The United Nations says Turkey accepted more refugees than any other country worldwide during the first half of 2015.
Turkey took in more refugees than any other country in the world during the first half of the last year, a UN official has said.
"Turkey tops the list of countries worldwide that receive refugees," Fathi al-Dababi, director of the UN Information Center in Morocco said in a press conference held in Rabat on Thursday.
"UN data indicates that Turkey took in more than 1,838,000 refugees in the first half of last year," al-Dababi continued.
The country currently hosts more than three million Syrian and Iraqi refugees who were forced to flee their home countries due to ongoing conflicts.
According to the figures released by al-Dababi, Turkey is followed by Pakistan with 1.5 million refugees and then Lebanon, Iraq, Ethiopia, Jordan, Kenya, Uganda and Sudan.
The latest figures were released on the eve of the UN summit on refugees and migrants to be held on Monday in New York to address the largest displacement of civilians since World War II.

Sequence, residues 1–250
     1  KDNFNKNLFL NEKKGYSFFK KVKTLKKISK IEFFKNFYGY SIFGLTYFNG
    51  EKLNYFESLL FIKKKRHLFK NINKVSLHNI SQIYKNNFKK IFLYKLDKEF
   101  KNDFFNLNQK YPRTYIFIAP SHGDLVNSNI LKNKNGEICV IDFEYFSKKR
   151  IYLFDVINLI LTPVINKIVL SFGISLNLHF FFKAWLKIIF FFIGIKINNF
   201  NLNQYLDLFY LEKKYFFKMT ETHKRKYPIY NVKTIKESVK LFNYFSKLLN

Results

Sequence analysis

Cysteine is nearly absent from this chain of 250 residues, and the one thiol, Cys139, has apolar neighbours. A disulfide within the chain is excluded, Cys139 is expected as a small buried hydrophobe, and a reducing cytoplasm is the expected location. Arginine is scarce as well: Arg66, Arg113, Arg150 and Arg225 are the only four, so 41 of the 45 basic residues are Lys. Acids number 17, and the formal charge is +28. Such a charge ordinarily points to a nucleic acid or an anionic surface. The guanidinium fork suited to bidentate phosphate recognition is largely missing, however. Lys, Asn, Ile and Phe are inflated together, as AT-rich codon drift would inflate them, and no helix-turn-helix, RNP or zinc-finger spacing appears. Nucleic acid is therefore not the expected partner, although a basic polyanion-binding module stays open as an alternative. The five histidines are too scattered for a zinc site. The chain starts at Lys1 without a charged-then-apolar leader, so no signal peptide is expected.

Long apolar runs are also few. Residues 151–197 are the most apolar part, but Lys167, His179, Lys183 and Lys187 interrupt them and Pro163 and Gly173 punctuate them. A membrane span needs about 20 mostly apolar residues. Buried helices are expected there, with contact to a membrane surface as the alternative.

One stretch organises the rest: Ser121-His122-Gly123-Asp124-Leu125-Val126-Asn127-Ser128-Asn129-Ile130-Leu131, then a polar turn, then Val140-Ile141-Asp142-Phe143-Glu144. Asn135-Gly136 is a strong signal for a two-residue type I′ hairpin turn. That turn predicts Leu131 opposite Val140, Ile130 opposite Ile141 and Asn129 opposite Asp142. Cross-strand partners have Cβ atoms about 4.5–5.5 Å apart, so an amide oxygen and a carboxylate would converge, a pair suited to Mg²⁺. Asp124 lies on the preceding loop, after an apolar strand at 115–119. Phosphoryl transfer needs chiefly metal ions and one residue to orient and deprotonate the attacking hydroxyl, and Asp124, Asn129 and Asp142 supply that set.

Following the summit, the UN General Assembly is expected to adopt a series of obligations to protect refugees' and migrants' rights and provide support to host countries. If these obligations are adopted, they will become known as the "New York Declaration."
UNHCR highlights South Sudan crisis
A separate report released by the UN refugee agency UNHCR on Friday showed that South Sudan has joined Syria, Afghanistan and Somalia, as countries from which more than one million refugees have fled.
"The number of South Sudanese refugees sheltering in neighbouring countries has this week passed the one million mark," the report said.
Another 1.61 million people are displaced inside the country, it added.
"Five years after independence, this is a very sad milestone," UNHCR spokesman Leo Dobbs told reporters in Geneva.
Neighbouring Uganda, which already shelters 375,000 South Sudanese nationals, warned it was running out of resources and asked for support.
Dobbs linked the increase in the number of South Sudanese refugees to the renewed violence in the country.
In 2013, fighting erupted between soldiers loyal to South Sudan's President Salva Kiir and those backing his former deputy Riek Machar.
A peace deal signed in 2015 proved shaky and fresh clashes flared again in the capital, Juba, in July, raising fears that the five-year-old nation could slide back into civil war.